“We have developed a protocol to allow patients to safely have coronary angiography on the same day as their elective surgery,” says David Holmes Jr., M.D., a cardiologist at Mayo Clinic and one of the authors of the new study.
One of the primary concerns of performing coronary angiography the same day as surgery is the risk of acute kidney failure, an independent predictor of death after cardiac surgery; mortality rates have been reported as high as 44.4 percent to 63.7 percent, the researchers report. The dye used in angiography is associated with radiocontrast-induced nephropathy, which can cause kidney failure.
When worsening kidney function occurs, serum creatinine levels begin to increase after 24 to 72 hours, peak within three to five days and return to normal within another three to five days, thus the reason for the delay between the angiography and surgery, Holmes explains.
Mayo researchers evaluated the medical records of 226 consecutive patients who had undergone cardiac catheterisation on the day of elective valve repair or replacement. The average age of the patient was 65 years old and 33 percent were female. Of the 226, angiography showed that 28.3 percent had severe enough coronary artery disease to also require bypass surgery, in addition to valve surgery. One patient died within 30 days following surgery, and four of the patients had transient renal failure.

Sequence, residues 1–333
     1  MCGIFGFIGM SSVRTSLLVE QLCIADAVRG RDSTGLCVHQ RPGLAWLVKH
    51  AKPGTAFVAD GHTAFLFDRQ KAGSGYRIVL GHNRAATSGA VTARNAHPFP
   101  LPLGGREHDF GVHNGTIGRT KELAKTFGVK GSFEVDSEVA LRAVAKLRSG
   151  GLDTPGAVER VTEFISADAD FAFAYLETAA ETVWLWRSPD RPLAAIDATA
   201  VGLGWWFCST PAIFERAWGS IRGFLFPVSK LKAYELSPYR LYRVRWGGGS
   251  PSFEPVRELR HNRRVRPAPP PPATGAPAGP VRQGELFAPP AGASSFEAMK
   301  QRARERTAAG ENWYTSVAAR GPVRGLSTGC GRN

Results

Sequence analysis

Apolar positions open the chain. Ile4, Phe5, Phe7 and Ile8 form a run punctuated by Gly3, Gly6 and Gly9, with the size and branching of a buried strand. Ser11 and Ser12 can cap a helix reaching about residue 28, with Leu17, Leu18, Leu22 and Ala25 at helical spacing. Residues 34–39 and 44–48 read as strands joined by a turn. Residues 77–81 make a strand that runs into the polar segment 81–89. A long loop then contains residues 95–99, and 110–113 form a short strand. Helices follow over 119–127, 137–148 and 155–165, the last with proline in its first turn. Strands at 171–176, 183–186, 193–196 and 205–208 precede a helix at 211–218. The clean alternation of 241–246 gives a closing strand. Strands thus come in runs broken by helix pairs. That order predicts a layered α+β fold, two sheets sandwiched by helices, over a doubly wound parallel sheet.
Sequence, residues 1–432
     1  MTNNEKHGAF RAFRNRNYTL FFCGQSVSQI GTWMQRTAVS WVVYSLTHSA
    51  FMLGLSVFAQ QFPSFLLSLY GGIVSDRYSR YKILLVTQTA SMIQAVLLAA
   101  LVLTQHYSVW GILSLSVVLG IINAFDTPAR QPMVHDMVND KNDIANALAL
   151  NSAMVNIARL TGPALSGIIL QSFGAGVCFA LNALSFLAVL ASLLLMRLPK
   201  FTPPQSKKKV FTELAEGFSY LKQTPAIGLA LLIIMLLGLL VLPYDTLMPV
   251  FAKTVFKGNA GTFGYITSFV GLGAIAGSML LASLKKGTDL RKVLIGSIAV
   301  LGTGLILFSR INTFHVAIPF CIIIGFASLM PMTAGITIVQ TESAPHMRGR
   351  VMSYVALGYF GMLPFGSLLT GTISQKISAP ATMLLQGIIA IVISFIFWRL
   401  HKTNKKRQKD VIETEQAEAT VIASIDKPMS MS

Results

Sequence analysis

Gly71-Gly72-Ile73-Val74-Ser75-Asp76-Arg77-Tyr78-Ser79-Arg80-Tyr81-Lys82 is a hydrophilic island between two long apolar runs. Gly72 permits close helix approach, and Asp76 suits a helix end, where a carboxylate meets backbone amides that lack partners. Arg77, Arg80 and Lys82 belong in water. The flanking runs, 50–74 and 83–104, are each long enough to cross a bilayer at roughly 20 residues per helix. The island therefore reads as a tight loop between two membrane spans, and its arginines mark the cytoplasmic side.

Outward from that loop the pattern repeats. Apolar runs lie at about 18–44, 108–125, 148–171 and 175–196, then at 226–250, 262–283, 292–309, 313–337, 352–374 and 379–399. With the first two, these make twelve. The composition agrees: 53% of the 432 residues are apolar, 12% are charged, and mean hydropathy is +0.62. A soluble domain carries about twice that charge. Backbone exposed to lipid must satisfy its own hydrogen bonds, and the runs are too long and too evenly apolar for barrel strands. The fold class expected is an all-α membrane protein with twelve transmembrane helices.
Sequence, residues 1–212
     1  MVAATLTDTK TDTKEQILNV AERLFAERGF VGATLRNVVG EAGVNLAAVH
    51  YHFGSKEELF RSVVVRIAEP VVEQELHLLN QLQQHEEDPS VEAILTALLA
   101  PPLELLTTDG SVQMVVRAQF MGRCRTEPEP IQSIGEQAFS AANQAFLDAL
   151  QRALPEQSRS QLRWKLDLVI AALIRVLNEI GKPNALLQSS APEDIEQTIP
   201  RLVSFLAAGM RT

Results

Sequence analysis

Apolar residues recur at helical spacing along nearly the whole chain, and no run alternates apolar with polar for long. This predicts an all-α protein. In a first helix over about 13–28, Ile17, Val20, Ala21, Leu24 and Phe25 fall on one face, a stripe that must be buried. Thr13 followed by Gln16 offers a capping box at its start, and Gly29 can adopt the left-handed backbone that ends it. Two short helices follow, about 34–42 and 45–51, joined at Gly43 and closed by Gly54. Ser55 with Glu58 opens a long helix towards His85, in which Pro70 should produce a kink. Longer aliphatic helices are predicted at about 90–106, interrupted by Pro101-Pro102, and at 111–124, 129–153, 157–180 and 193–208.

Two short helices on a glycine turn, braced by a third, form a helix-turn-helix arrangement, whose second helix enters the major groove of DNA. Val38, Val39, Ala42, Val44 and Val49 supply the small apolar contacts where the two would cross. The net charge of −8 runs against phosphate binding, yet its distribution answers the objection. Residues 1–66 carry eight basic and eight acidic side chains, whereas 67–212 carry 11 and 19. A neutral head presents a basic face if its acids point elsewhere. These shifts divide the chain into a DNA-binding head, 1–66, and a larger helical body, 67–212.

To make it possible to do angiography and surgery on the same day and largely diminish the possibility of renal failure, the physicians used other contrast agents. They minimized the total amount of contrast and carefully screened patients at risk for kidney disease. Different agents are used based on the patient’s kidney function, Holmes says. “In addition, deciding which patients may benefit from this streamlined approach is dependent on careful patient assessment and collaboration between the cardiologist and cardiovascular surgeon,” he says.
MEDICA.de; Source: Mayo Clinic